Describing India’s concerns as legitimate, a top United States official has said that there is no immediate danger of foreign fighters from Afghanistan moving towards the Indian border after 2014, when American troops leave the country.
"I don't think that there's any near-term danger of foreign fighters shifting from Afghanistan to the border with India. Among other things because, unfortunately, the war in Afghanistan isn't over," Special US Representative for Afghanistan and Pakistan James Dobbins said on Wednesday.
"But the Indian concerns are legitimate and it's something that we do need to be careful about," he said in response to a question at a Congressional hearing on Afghanistan convened by the House Foreign Affairs Committee.
Describing the efforts of Pakistan Prime Minister Nawaz Sharif to improve ties with India as "sincere", Dobbins acknowledged the concerns of New Delhi, given its past experience with Islamabad.
"In Pakistan, traditionally, the security sphere has been left largely to the military, and they have been largely free of civilian oversight or control. The last time Nawaz Sharif tried to exercise that kind of control, he was overthrown by General (Pervez) Musharraf. So he has to be careful about how quickly he moves to assert civilian control of the military and a stronger civilian role in designing and implementing Pakistan's national security policy," he said.
"I think he (Sharif) has expressed himself, very clearly, that Pakistan can't be secure unless Afghanistan is at peace and relations with India are improved. And he has tried to move in both directions. I think the Indian government takes him at face value and believes he is sincere. They are a little skeptical that he will prevail in exercising enough influence over the Pakistani military," Dobbins said.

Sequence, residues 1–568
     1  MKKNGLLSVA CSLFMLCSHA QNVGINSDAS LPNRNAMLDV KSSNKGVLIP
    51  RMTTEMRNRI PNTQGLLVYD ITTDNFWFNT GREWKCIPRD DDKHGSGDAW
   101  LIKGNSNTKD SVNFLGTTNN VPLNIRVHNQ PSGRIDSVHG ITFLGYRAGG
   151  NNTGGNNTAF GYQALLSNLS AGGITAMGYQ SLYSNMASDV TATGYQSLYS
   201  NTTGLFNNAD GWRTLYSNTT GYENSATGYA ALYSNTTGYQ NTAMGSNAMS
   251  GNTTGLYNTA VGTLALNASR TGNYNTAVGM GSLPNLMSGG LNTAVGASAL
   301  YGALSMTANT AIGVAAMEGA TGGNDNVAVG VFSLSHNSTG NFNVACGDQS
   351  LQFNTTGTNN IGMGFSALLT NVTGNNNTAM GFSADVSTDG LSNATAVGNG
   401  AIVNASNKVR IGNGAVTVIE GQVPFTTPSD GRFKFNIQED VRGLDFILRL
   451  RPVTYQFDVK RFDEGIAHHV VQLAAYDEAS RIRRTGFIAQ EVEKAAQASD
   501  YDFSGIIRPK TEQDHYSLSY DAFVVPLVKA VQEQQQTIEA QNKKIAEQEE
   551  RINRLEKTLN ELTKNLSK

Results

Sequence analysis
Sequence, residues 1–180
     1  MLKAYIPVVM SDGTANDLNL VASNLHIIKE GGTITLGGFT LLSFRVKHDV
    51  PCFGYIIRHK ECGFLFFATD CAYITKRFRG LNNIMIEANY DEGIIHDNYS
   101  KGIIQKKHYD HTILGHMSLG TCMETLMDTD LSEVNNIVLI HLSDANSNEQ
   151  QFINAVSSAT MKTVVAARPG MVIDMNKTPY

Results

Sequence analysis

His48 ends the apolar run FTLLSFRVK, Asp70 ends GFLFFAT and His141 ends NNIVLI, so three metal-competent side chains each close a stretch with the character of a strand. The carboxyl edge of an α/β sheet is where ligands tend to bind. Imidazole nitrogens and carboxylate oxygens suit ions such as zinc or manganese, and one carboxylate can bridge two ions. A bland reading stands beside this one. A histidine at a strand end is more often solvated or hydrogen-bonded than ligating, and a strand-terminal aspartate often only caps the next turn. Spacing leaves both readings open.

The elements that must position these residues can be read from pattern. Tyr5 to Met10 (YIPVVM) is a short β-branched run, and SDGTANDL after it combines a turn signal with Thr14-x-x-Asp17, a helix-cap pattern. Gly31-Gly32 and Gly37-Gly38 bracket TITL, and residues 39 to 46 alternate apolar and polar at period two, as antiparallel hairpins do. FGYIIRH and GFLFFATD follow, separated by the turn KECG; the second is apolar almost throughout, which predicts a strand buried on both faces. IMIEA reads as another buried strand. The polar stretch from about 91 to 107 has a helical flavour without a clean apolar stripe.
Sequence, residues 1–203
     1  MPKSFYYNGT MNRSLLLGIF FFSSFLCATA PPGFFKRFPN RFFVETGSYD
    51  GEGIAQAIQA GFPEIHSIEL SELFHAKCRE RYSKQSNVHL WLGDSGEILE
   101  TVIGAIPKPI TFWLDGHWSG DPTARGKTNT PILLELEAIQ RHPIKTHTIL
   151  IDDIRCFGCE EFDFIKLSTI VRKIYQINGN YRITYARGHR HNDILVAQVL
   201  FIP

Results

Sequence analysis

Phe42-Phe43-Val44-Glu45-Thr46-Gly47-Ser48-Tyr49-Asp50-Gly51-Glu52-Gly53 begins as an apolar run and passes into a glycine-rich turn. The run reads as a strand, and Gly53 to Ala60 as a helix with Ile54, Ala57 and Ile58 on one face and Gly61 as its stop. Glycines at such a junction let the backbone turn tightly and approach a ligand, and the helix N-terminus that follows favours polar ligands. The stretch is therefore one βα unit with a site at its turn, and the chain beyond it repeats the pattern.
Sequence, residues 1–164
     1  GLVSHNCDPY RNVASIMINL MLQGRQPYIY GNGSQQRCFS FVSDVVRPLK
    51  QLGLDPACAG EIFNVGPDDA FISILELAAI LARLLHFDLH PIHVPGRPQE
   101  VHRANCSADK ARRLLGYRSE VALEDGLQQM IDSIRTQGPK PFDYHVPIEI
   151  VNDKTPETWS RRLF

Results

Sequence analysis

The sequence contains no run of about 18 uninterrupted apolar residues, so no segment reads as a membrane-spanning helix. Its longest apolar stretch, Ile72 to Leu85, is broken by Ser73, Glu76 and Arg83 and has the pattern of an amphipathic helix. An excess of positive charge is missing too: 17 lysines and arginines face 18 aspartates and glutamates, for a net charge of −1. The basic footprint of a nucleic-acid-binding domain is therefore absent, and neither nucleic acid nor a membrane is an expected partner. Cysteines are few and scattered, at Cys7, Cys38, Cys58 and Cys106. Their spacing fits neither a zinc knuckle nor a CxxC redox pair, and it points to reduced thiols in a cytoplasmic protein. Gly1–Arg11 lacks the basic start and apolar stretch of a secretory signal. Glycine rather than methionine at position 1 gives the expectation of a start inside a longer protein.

"But we give him a fair chance of being able to do so. Among other things, because the Pakistani military now realises that their biggest threat is internal, and they realise that they need the political leadership to take responsibility for the kind of sometimes harsh measures that will be needed to deal with that internal threat," he said.
Dobbins, who met Foreign Secretary Sujatha Singh this week, said the US has been working closely with India on issues concerning Afghanistan.
"I met with the Indian foreign secretary on this, for instance. President (Hamid) Karzai is visiting India later this week for a State visit," he said.
"India has a significant aid programme and significant investments, probably the greatest contribution India could make and Pakistan can make in Afghanistan is improving their bilateral relationship," he added.
"Improved relationships between India and Pakistan will have two effects on Afghanistan. One effect is it will greatly increase the access of Afghan trade to India via Pakistan. But secondly and equally important, it will reduce the competition between the two countries for influence in Afghanistan in a way that has often proved highly destabilising," he argued.
"So we have been encouraging both Pakistan and India to overcome their differences in Kashmir, their differences over Afghanistan," Dobbins added.
Image: A soldier stands guard on the tarmac at Kandahar Air Base, Afghanistan ' Photograph: Mark Wilson/Reuters